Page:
At Princeton, students experience success that they’ll fondly recount to their grandchildren someday. Playing off this theme, the Princeton Undergraduate Student Government recently threw a Grandparents Class Pizza Party, at which the Class of ’66 visited campus to meet with current students, or “Grandchildren.” Current success stories include Princeton’s mock trial team, which took second place at the 2014 American Mock Trial Association National Championship Tournament, and its debate team, which the World Universities Debating Championships ranks ninth among U.S. schools.
7. Yale University
If you’ve been thinking about study abroad, the Yale Debate Association, will get you the passport stamps you’ve been craving. They rank first in the U.S. and fourth internationally, according to the World Universities Debating Championships. The team sends students each weekend to colleges across the East Coast and on five international trips per year. Closer to home, the Yale College Council helps students succeed academically with advising-focused projects like Student Panels on Majors for Freshmen and academic fairness projects like TA Grading and Quality Variance.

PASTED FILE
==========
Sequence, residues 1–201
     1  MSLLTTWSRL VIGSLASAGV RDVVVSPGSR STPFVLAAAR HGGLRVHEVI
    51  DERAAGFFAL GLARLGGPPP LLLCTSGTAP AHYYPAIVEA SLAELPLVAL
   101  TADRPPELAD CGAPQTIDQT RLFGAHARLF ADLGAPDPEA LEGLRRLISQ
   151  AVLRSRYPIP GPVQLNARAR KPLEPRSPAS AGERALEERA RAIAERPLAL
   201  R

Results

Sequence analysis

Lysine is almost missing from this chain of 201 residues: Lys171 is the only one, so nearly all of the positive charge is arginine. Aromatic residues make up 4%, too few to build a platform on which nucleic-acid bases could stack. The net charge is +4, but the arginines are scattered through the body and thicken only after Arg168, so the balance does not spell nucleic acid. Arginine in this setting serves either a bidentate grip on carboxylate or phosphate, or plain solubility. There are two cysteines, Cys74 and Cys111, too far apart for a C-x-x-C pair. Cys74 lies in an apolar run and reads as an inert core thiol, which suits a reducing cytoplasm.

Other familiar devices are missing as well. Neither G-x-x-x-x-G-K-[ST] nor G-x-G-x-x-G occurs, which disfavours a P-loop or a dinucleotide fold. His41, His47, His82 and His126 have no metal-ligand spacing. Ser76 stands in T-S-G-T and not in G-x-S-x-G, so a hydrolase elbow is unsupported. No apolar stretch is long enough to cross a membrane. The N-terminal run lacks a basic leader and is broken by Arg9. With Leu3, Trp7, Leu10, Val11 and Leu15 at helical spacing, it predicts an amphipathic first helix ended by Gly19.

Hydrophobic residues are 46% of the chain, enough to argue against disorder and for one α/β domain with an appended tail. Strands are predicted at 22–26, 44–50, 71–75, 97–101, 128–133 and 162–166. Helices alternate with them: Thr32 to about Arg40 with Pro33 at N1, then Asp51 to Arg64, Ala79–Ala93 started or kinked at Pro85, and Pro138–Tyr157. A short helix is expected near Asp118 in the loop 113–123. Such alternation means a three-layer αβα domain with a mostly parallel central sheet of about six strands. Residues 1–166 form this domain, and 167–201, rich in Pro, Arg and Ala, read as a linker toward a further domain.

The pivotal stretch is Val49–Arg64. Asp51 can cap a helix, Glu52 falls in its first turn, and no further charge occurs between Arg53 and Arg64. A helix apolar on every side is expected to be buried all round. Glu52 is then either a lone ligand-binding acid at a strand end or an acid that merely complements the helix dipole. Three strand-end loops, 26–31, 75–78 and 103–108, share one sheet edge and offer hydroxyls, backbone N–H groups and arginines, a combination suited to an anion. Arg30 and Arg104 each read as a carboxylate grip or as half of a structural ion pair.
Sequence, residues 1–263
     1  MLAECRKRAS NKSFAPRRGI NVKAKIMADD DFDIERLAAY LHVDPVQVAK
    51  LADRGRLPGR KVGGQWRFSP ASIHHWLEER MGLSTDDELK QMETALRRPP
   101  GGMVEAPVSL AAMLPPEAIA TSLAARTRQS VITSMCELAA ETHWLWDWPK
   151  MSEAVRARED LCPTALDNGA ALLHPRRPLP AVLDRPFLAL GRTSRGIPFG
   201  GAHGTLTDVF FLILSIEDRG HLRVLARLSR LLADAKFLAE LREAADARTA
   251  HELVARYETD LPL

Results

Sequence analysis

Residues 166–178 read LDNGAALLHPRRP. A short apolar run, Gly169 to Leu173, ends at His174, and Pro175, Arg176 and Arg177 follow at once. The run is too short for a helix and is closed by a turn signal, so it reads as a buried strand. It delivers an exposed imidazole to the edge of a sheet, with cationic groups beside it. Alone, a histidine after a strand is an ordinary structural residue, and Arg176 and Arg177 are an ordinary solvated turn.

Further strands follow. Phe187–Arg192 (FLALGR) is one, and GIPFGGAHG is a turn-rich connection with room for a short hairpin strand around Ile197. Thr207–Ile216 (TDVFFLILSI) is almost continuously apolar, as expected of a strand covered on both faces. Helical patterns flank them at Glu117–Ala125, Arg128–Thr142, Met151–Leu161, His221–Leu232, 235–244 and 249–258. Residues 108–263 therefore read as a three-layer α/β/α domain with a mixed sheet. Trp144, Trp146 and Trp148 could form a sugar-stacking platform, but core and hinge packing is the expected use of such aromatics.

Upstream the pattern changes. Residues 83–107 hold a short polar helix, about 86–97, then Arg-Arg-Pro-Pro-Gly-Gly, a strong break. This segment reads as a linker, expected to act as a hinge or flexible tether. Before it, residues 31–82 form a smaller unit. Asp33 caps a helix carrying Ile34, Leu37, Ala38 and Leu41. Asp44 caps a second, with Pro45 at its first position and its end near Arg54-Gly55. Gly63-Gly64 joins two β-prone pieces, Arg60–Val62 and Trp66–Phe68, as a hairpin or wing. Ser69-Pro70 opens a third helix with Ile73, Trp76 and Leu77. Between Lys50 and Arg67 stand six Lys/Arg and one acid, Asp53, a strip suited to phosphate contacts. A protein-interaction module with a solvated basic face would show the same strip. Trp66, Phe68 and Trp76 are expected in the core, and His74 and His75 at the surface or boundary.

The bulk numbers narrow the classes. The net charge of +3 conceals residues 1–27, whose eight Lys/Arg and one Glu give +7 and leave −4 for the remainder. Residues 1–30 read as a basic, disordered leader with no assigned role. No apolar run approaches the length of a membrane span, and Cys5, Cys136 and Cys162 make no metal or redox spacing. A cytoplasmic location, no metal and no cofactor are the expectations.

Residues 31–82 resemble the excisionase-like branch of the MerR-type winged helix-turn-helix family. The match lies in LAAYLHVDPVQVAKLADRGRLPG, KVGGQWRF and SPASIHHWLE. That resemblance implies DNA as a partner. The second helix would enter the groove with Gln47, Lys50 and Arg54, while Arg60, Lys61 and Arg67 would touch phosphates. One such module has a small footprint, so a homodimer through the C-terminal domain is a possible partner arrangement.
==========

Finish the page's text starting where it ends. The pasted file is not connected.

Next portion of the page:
6. George Washington University
Yes, most schools have student governments. But George Washington’s Student Organization doesn’t limit itself to just a legislative branch; it includes a student court that rules on the constitutionality of the Student Associations operations. The Undergraduate Law Review also operates on a broad scope through a strong partnership with the schools library system explained senior director Adam Schilt, which makes pieces easily accessible once published.
5. Duke University
You’ve got a few years to wait before raking in a lawyers salary, but that doesn’t stop you from wanting to network over food. Enter the FLUNCH Program, which pays for students to treat their professors to lunch or dinner. Every semester, students can host two FLUNCHes up to $100. If meeting a real lawyer sounds even cooler, Duke will let you do that too; the DSG Student Legal Services Program lets students get legal advice for free.